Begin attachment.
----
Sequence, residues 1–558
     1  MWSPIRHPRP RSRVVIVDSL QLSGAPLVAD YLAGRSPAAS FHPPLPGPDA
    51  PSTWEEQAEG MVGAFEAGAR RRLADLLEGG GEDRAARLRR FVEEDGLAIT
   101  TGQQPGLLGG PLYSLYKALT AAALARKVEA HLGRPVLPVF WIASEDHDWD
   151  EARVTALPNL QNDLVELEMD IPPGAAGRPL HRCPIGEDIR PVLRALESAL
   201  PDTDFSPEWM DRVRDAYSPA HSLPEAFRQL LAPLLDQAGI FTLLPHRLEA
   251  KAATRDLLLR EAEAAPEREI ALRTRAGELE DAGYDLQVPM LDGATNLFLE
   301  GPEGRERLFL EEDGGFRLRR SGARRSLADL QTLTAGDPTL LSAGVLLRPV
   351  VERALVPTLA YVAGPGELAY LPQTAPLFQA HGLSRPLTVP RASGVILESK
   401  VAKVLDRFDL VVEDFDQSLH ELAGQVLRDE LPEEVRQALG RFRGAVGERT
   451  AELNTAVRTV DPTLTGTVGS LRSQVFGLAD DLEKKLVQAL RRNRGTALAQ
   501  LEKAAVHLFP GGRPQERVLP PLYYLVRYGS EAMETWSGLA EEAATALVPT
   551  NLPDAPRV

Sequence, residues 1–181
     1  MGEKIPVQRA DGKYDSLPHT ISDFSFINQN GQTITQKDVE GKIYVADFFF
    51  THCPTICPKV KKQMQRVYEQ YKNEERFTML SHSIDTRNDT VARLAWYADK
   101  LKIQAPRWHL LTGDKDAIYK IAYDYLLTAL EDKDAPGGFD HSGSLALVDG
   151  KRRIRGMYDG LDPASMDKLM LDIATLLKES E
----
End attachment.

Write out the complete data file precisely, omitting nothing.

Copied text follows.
Sequence, residues 1–558
     1  MWSPIRHPRP RSRVVIVDSL QLSGAPLVAD YLAGRSPAAS FHPPLPGPDA
    51  PSTWEEQAEG MVGAFEAGAR RRLADLLEGG GEDRAARLRR FVEEDGLAIT
   101  TGQQPGLLGG PLYSLYKALT AAALARKVEA HLGRPVLPVF WIASEDHDWD
   151  EARVTALPNL QNDLVELEMD IPPGAAGRPL HRCPIGEDIR PVLRALESAL
   201  PDTDFSPEWM DRVRDAYSPA HSLPEAFRQL LAPLLDQAGI FTLLPHRLEA
   251  KAATRDLLLR EAEAAPEREI ALRTRAGELE DAGYDLQVPM LDGATNLFLE
   301  GPEGRERLFL EEDGGFRLRR SGARRSLADL QTLTAGDPTL LSAGVLLRPV
   351  VERALVPTLA YVAGPGELAY LPQTAPLFQA HGLSRPLTVP RASGVILESK
   401  VAKVLDRFDL VVEDFDQSLH ELAGQVLRDE LPEEVRQALG RFRGAVGERT
   451  AELNTAVRTV DPTLTGTVGS LRSQVFGLAD DLEKKLVQAL RRNRGTALAQ
   501  LEKAAVHLFP GGRPQERVLP PLYYLVRYGS EAMETWSGLA EEAATALVPT
   551  NLPDAPRV

Sequence, residues 1–181
     1  MGEKIPVQRA DGKYDSLPHT ISDFSFINQN GQTITQKDVE GKIYVADFFF
    51  THCPTICPKV KKQMQRVYEQ YKNEERFTML SHSIDTRNDT VARLAWYADK
   101  LKIQAPRWHL LTGDKDAIYK IAYDYLLTAL EDKDAPGGFD HSGSLALVDG
   151  KRRIRGMYDG LDPASMDKLM LDIATLLKES E